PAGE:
TORONTO (Reuters) - The Canadian dollar closed at a six-week high against the U.S. dollar on Tuesday after briefly popping above parity with the greenback in overseas trade before slipping back on economic concerns emanating from the United States.
Canadian bond prices closed mostly higher, taking their cue from falling stock markets and largely shrugging off the Bank of Canada’s decision to hold interest rates steady, which had been expected.
The Canadian dollar closed at C$1.0023, or 99.77 U.S. cents, up from C$1.0052 to the U.S. dollar, or 99.48 U.S. cents, at Monday’s close.
During the overseas session, the currency rose as high as US$1.0022, valuing a U.S. dollar at 99.78 Canadian cents, its strongest level since June 3.
The push higher was mainly due to U.S. dollar weakness. The greenback lost ground against a number of currencies as investors second-guessed the U.S. government’s plan to boost confidence in the financial system.
U.S. Federal Reserve Chairman Ben Bernanke said in a speech on Tuesday that restoring financial market stability was a top priority for the central banks, adding that financial markets and institutions remain under considerable stress.
Over the weekend the U.S. government introduced a package to shore up Freddie Mac and Fannie Mae, the two largest U.S. providers of mortgage funding.
The Canadian currency barely reacted to the Bank of Canada’s announcement that it would leave its key rate steady at 3.00 percent. The bank pointed to risks coming from the soft U.S. economy, but also said inflation could rise above 4 percent for the first time since 2003.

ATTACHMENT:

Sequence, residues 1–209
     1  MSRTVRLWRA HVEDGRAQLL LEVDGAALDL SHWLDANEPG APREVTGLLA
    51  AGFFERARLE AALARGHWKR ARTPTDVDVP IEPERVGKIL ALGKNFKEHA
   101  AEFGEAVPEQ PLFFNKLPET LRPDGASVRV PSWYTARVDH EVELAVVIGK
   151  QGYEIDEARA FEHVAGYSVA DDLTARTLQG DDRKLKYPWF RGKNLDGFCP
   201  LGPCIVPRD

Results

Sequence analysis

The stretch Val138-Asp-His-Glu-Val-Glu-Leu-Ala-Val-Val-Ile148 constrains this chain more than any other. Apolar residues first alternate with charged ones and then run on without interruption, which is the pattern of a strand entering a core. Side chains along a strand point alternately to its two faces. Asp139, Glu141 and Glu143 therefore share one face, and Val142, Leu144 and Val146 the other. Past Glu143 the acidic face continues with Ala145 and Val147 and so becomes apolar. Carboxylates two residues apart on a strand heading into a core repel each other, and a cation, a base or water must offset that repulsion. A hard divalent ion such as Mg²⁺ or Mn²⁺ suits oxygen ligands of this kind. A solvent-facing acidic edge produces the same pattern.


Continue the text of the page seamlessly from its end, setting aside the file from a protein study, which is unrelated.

“I think they were fairly neutral, but at the same time, there still seems to be a lot of overhang in the market of worry and I certainly think that was emphasized,” said Steve Butler, director of foreign exchange at Scotia Capital.
The central bank’s Monetary Policy Report Update and press conference on Thursday will give more details on its assessment of the economy.
Canadian bond prices ended mostly higher as sharp stock market declines upped the demand for safe-haven government debt, said Carlos Leitao, chief economist at Laurentian Bank of Canada.
The Toronto Stock Exchange’s main index ended down 2.8 percent as energy stocks fell on softer oil prices and financials were hit by economic concerns.
The two-year bond rose 11 Canadian cents to C$101.24 to yield 3.062 percent. The 10-year bond climbed 25 Canadian cents to C$104.70 to yield 3.677 percent.
The yield spread between the two-year and 10-year bond was 61.5 basis points, up from 58.9 basis points, unchanged from the previous close.
The 30-year fell 26 Canadian cents to C$115.79 for a yield of 4.065 percent. In the United States, the 30-year treasury yielded 4.461 percent.
The three-month when-issued T-bill yielded 2.27 percent, down from 2.31 percent at the previous close.
Editing by Peter Galloway